6(2013, on the edited, American cut of Once Upon a Time in America) Well, we all hated it, but it broke Sergio's heart. I mean, the only European director in history who made movies about America, and what did they do? They brought in the editor of Police Academy [Zach Staenberg] to butcher his movie because the company was afraid. So they put out a two-hour-and-20-minute version that feels longer than the five-hour version because it makes no sense. It was terrible. And can you imagine? I waited two years for it to come out, thinking it was going to be the break of a lifetime, and then when it came out, they put out that version, and it opened to a sleepy audience. Worldwide it's one of the biggest movies in history, and in America it's a cult film. Everywhere else I went I was treated like the president, but not here. It's so weird.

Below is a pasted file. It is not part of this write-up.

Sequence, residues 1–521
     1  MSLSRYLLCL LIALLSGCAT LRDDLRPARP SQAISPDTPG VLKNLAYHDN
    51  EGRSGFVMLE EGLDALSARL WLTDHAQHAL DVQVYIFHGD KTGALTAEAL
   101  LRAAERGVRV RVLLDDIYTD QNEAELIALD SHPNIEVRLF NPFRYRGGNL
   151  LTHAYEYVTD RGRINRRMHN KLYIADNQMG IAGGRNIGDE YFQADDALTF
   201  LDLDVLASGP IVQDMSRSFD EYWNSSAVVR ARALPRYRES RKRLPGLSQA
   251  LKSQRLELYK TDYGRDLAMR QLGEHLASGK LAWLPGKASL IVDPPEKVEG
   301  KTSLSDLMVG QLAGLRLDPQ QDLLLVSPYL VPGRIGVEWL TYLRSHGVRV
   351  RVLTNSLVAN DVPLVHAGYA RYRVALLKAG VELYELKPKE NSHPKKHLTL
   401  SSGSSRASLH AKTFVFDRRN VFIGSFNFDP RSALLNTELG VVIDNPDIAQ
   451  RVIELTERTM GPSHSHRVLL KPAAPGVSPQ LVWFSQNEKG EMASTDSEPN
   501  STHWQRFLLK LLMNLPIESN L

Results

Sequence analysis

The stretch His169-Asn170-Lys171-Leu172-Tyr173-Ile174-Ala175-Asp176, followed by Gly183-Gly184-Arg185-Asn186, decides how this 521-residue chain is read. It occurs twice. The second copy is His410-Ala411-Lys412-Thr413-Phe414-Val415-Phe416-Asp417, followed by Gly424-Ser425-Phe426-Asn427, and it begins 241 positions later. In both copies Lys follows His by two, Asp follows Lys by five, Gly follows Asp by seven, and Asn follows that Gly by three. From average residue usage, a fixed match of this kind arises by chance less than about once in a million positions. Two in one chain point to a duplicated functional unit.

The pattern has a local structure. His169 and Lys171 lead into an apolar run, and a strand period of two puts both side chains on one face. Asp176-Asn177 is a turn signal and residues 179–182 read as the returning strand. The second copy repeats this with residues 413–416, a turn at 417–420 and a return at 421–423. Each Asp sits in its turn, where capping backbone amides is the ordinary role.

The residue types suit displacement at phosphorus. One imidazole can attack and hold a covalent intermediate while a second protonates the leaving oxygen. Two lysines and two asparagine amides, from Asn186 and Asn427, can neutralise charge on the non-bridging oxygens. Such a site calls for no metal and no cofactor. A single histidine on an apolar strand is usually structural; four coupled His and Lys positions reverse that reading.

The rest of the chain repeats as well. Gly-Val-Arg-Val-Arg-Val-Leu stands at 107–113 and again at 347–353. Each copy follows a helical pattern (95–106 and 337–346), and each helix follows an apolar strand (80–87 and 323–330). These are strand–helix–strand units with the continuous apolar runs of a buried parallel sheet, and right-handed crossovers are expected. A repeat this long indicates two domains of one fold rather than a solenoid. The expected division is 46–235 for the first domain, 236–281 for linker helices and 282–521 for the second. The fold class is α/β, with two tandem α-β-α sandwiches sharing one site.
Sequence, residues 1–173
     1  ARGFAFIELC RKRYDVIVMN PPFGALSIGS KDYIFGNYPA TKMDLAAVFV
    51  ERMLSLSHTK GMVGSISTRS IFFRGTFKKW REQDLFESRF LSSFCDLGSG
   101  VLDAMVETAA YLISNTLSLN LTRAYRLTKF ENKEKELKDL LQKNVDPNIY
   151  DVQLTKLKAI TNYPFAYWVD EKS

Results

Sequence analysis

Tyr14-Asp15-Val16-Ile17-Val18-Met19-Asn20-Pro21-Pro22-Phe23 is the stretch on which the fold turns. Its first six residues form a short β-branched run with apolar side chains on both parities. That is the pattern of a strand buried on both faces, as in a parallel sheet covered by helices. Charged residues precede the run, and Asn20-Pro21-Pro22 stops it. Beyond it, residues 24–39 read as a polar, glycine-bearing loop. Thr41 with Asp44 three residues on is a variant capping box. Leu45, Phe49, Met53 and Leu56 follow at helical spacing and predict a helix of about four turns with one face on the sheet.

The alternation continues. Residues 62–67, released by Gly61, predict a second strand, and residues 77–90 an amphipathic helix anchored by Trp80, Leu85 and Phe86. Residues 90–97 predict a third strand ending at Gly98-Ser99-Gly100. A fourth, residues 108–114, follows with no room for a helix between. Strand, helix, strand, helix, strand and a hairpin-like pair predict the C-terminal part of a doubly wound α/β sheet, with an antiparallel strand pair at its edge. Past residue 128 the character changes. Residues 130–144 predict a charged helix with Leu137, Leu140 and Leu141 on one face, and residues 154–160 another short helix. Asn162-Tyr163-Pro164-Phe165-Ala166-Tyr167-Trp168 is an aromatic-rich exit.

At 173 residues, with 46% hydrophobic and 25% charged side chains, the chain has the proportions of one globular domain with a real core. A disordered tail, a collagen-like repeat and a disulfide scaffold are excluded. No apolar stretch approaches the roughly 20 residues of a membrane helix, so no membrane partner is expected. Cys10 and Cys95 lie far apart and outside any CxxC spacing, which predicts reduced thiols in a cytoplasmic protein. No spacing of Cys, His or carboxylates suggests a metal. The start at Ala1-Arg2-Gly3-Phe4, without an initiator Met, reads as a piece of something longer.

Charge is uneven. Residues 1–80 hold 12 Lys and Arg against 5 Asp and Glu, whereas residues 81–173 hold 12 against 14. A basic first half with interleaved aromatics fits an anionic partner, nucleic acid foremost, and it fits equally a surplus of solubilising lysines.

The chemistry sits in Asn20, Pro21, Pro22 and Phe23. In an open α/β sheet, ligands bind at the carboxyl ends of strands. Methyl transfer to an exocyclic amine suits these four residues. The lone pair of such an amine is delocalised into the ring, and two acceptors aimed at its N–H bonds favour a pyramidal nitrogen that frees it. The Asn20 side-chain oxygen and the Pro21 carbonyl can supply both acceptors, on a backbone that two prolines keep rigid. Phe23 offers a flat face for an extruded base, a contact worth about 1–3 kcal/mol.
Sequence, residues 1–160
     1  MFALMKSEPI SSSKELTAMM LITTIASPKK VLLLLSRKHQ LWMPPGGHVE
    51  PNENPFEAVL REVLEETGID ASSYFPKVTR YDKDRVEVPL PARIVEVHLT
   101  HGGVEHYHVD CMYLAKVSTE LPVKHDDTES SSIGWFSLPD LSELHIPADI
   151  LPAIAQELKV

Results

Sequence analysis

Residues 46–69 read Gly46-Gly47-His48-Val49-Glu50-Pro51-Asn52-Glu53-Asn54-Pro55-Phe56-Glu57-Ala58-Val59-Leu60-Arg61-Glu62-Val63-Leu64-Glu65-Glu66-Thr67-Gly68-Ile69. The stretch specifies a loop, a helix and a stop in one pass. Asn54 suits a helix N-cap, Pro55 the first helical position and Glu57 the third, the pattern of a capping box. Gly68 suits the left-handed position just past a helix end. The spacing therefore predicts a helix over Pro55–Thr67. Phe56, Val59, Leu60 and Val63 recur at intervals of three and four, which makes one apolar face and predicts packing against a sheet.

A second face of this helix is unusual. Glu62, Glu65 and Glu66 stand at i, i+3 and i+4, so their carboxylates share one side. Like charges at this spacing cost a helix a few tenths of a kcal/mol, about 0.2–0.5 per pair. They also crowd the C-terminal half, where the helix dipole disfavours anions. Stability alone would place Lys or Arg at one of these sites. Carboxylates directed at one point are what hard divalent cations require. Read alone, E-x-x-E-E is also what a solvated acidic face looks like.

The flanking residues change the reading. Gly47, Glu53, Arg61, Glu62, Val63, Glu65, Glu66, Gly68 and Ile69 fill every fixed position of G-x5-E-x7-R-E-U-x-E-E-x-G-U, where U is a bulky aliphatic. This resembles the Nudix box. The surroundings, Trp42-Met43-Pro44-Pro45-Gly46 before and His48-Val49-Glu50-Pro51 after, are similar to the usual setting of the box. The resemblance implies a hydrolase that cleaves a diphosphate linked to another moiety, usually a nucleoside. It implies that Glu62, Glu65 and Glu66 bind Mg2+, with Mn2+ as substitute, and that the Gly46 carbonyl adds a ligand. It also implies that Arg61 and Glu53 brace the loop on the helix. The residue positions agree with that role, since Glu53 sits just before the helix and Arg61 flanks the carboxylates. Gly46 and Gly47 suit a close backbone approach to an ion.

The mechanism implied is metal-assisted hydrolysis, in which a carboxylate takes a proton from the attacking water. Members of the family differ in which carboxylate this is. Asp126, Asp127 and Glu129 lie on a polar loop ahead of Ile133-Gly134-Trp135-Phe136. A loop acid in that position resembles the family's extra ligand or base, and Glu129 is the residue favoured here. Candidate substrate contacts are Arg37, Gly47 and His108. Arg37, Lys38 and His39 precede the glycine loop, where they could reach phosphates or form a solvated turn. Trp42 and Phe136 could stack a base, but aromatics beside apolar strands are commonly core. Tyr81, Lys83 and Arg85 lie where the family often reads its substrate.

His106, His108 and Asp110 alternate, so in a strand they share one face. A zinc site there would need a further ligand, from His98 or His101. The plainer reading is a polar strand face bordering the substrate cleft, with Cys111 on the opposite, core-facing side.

7(2013, on The Waterdance) Bloss was an amazing character. What was very interesting about Bloss was that he was the type of character that you really feel is not going to survive, that he's not going to make it, but he ends up being the person who has the largest arc, who finds acceptance and puts it together. Yeah, he's obnoxious. He's a self-centered little bully on a wheelchair. But he ends up having an epiphany, and... it's just a beautiful character in a beautiful film. The Waterdance was made for all the right reasons. Everybody that was involved in the film gave it their all. To this day, I still think it was Wesley Snipes' best work, and I wish that, when he comes back, he'd sit down and focus on that, because he had such heart. And then there was Eric [Stoltz] and Helen [Hunt] and... really, this cast was just amazing. And so was our director, Neal Jimenez. It's one of those films that, when it's over, you're happy that you made it forever. We were all living in wheelchairs to various degrees, going everywhere in wheelchairs. It was very interesting seeing that perspective, seeing it from that point of view.